[2] – Asclepias variegata, USDA NRCS. Accessed 05JUL2024.

[3] – Asclepias incarnata, USDA NRCS. Accessed 05JUL2024.

[4] – Asclepias perennis Walter, USDA NRCS. Accessed 06JUL2024.

[5] – Asclepias longifolia Michx., USDA NRCS. Accessed 05jUL2024.

[6] – Asclepias exaltata L., USDA NRCS. Accessed 05JUl2024

[7] – Asclepias viridis Walter, USDA NRCS. Accessed 05JUl2024

[8] – Asclepias angustifolia Schweigg., USDA NRCS. Accessed 05JUl2024

[9] – Woodson, Robert E. “The North American species of Asclepias L.” Annals of the Missouri Botanical Garden 41.1 (1954): 1-211.

[10] – Redring Milkweed, Plant of the Week, US Forest Service. https://www.fs.usda.gov/wildflowers/plant-of-the-week/asclepias_variegata.shtml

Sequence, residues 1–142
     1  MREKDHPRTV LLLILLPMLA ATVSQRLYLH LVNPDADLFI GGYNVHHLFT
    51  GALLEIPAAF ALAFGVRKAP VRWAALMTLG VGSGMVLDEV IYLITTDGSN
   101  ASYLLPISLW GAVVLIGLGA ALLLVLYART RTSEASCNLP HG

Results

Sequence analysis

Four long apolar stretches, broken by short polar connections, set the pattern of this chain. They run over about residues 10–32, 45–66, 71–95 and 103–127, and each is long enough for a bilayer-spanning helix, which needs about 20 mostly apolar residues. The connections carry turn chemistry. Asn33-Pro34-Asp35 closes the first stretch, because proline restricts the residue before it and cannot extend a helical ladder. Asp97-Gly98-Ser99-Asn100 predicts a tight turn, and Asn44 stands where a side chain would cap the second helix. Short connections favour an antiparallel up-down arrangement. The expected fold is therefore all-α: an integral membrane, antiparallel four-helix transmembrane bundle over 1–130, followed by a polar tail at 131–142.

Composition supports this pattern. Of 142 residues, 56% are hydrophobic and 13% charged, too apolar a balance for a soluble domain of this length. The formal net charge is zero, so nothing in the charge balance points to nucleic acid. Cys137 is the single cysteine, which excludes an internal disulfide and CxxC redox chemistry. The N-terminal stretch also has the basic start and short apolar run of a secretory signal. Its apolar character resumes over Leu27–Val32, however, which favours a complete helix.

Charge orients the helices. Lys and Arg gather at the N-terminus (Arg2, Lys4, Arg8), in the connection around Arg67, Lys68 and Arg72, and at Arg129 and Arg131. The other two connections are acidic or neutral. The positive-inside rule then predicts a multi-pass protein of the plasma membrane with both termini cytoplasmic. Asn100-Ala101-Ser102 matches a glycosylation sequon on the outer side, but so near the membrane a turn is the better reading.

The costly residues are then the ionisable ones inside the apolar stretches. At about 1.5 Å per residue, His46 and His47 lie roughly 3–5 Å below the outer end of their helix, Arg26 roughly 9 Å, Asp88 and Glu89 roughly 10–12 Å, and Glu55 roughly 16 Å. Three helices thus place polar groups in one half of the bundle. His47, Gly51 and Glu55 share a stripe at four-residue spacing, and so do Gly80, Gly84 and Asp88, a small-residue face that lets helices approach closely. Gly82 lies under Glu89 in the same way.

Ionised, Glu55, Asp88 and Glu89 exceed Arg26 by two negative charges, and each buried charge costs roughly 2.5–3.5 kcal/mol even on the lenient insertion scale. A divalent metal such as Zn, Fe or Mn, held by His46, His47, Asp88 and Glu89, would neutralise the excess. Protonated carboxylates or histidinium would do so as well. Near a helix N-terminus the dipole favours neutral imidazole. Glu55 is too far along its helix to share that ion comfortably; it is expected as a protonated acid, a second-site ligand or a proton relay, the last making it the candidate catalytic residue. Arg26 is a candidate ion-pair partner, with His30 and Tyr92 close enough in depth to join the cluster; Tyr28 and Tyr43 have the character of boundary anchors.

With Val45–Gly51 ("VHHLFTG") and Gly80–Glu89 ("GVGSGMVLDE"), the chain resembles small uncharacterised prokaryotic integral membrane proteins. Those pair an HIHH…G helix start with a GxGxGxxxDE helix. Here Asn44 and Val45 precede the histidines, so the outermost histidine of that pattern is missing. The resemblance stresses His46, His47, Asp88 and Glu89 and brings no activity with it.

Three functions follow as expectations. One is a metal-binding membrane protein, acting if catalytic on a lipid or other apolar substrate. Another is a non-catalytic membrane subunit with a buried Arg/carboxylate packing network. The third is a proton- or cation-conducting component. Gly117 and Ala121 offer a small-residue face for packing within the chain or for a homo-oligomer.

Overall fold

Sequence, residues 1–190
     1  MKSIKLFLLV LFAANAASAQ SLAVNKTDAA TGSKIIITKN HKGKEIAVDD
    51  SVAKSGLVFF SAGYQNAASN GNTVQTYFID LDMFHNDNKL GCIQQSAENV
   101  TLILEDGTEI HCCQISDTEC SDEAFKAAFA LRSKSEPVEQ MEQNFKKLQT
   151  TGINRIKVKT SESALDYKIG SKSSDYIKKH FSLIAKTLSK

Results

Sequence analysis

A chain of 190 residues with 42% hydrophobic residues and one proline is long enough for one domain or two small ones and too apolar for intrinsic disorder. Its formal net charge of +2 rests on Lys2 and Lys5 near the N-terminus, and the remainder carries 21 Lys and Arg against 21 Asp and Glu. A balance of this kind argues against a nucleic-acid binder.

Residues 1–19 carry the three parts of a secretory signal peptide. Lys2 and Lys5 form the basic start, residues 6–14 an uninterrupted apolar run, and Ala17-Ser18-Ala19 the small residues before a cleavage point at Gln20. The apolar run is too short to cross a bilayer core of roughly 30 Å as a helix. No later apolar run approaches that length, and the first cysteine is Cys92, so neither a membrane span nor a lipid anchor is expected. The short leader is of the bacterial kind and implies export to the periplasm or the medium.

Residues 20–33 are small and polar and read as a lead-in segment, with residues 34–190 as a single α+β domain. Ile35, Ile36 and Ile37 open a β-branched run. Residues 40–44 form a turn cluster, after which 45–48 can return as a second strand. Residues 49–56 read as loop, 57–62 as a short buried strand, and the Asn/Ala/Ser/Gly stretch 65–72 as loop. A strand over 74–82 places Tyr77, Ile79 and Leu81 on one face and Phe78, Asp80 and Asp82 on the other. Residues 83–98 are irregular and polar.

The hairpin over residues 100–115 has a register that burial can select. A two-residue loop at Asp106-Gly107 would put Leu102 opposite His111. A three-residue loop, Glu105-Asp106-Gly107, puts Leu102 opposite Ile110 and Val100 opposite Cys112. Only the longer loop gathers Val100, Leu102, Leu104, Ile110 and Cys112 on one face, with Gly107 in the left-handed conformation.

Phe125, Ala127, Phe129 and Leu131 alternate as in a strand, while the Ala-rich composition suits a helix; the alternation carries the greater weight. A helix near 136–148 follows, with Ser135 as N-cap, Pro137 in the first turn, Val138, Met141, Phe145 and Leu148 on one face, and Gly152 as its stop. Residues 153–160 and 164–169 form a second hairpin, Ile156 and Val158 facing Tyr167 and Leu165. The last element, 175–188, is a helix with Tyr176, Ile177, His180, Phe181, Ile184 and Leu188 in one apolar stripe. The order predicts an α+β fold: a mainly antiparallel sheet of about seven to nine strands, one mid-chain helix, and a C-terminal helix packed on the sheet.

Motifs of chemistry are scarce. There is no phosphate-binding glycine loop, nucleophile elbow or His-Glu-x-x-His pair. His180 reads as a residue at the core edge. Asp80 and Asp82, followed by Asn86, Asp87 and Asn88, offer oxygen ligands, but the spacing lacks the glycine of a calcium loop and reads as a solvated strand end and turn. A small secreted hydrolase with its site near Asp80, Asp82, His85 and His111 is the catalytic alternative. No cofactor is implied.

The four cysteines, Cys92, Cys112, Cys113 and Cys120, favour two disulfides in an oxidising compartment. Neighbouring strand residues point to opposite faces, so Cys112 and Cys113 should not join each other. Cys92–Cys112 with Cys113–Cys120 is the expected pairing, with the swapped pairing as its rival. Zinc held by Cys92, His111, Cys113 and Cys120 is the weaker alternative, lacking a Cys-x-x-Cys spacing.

Joe Foster

Hi - I grew up outdoors in nature - hiking, fishing, hunting. In high school I got my first job at a garden center where I learned to garden and landscape. I've been growing plants from seed and designing native plant gardens for over 10 years. I hope to share some of my knowledge with you! You may have seen some of my videos I create on our YouTube channel, GrowitBuildit (more than 10 million views!). You can find my channel here: https://youtube.com/@growitbuildit Additionally I am a wood worker / DIY enthusiast. I enjoy designing/building projects (with hand tools when I can!). I hope to give you some tips and useful information!